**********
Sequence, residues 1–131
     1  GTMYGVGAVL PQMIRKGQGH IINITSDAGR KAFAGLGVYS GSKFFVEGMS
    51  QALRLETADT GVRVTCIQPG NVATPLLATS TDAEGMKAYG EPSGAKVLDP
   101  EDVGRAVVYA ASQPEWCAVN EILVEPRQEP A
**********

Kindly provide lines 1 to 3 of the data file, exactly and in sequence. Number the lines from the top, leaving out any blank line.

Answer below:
Sequence, residues 1–131
     1  GTMYGVGAVL PQMIRKGQGH IINITSDAGR KAFAGLGVYS GSKFFVEGMS
    51  QALRLETADT GVRVTCIQPG NVATPLLATS TDAEGMKAYG EPSGAKVLDP